Much has been made about the so-called “Shark Tank effect” for many entrepreneurs who appear on the program. As Entrepreneur discussed this summer, some pitchers see a spike in website traffic and a surge in sales as a result of the free advertising. But that spike is sometimes short-lived, and one shark questions whether the show overall has given a false impression of what steps to take in order to run a successful business.
In a new Inc. magazine profile, Barbara Corcoran laments the impression Shark Tank often gives about building a business and seeking investment. The investor, who built a real estate company in New York over two decades before selling it for $66 million in 2001, said the Shark Tank audience does not always get the message that taking on partners is usually not the best option for a business.
“‘Shark Tank’s’ made everybody believe that if they have one good idea, they can get rich overnight. It’s made people believe that the pitch is the business. All the pitch is is the first date. It is the building of the business that is the marriage. Also, it’s made people believe that the right way to fund any business is through investors, by giving away equity, which makes absolutely no sense to 99 percent of the businesses out there.”
It is that willingness — or not — to give up equity that is often a heads up to Corcoran about who will be a successful entrepreneur. Corcoran has said in the past, according to an Associated Press report, that the best entrepreneurs solicit her advice and then don’t take it. Similarly, as she told Inc., those with great confidence in their company will have hesitation about giving up stake in the business even after landing a Shark Tank deal. When time comes to finalize the agreement, it is a bit of a challenge.
“Those deals are hard to do, because the entrepreneur has total confidence they’re going to succeed. They sometimes don’t know how, but they know they’re going to. They’re very reluctant to give up the stock they promised on ‘Shark Tank.’ The less capable entrepreneurs chase you like crazy to try to get the money and sell their stock.”
But once the deal is done, those entrepreneurs tend to be the most successful. Corcoran famously has pictures of all those in whom she’s invested in her office. Those whose pictures are turned upside down she does not foresee building a large company. Those whose pictures are right side up are on the right track.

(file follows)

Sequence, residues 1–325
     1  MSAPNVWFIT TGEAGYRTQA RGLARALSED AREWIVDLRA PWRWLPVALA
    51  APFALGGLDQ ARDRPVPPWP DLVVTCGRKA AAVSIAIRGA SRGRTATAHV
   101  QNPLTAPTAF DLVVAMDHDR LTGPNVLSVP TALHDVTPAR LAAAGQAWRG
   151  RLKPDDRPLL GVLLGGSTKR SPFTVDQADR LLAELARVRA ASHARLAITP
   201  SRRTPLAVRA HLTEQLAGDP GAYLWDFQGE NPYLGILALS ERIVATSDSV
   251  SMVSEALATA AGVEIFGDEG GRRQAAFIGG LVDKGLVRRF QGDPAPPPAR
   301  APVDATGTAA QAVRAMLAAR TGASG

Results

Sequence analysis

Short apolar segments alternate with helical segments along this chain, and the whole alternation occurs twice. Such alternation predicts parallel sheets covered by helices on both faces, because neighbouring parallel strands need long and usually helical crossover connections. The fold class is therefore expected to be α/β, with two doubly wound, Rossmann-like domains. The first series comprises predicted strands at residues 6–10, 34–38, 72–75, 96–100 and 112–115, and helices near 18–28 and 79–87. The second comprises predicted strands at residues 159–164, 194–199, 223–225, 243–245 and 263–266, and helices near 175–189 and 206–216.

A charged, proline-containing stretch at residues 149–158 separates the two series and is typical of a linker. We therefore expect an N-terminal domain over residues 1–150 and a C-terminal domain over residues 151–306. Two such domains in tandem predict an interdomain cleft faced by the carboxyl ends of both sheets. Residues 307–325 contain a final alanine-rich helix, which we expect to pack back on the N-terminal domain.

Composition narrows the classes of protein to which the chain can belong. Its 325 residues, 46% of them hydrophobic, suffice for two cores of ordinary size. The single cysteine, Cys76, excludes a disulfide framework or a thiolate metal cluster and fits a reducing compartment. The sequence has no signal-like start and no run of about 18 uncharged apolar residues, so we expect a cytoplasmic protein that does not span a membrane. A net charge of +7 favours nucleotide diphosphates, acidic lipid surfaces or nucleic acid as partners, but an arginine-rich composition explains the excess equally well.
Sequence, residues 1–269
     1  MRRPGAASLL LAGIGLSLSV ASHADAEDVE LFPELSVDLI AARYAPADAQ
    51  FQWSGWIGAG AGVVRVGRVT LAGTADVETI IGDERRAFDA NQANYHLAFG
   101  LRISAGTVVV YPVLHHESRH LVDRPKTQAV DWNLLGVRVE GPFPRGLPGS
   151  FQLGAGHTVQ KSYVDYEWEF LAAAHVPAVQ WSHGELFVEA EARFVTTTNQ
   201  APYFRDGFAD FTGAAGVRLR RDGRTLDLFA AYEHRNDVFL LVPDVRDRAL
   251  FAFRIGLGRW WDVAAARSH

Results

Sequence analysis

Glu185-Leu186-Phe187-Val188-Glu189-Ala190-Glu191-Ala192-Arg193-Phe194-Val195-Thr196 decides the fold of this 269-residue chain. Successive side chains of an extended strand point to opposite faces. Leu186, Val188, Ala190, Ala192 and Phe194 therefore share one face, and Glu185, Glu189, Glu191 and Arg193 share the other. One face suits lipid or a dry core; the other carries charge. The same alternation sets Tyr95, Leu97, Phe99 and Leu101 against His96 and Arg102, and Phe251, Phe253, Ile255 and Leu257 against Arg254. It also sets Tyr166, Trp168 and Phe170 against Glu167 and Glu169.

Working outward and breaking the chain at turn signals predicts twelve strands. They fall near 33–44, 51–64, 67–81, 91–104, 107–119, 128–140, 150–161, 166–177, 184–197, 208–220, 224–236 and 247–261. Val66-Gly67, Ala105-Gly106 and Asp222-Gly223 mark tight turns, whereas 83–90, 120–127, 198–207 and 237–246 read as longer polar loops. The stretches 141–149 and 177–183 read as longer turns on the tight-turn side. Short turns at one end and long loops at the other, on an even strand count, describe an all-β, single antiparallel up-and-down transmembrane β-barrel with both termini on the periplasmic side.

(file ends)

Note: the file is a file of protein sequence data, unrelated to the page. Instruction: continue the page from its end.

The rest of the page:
Corcoran also has issues with the sudden fame she’s received as a member of the Shark Tank panel. While she was well known in her hometown of New York before she became a television personality, the 67-year-old had never achieved fame outside of her city until signing on with Shark Tank eight years ago as one of the show’s original investors. She told Inc. she is not crazy about the newfound attention, and it is not commensurate with the amount of work she puts in — at least not compared to when she was building The Corcoran Group.
“What you do [for ‘Shark Tank’] is, you show up and do the best you can. With the Corcoran Group, I didn’t just show up. I killed myself. It seems right that I would’ve been really famous for the Corcoran Group and just a little famous for having gotten the seat I got.”
As reported this October by the Inquisitr, in early press for Season 8 of Shark Tank, Corcoran revealed there is one pitch that shocked her so much she stayed silent through much of it. Given that reaction, it’s probably safe to assume Corcoran did not invest in the company, although she, of course, did not reveal the outcome.
Shark Tank airs Friday nights on ABC.
[Featured Image by Jamie McCarthy/Getty Images]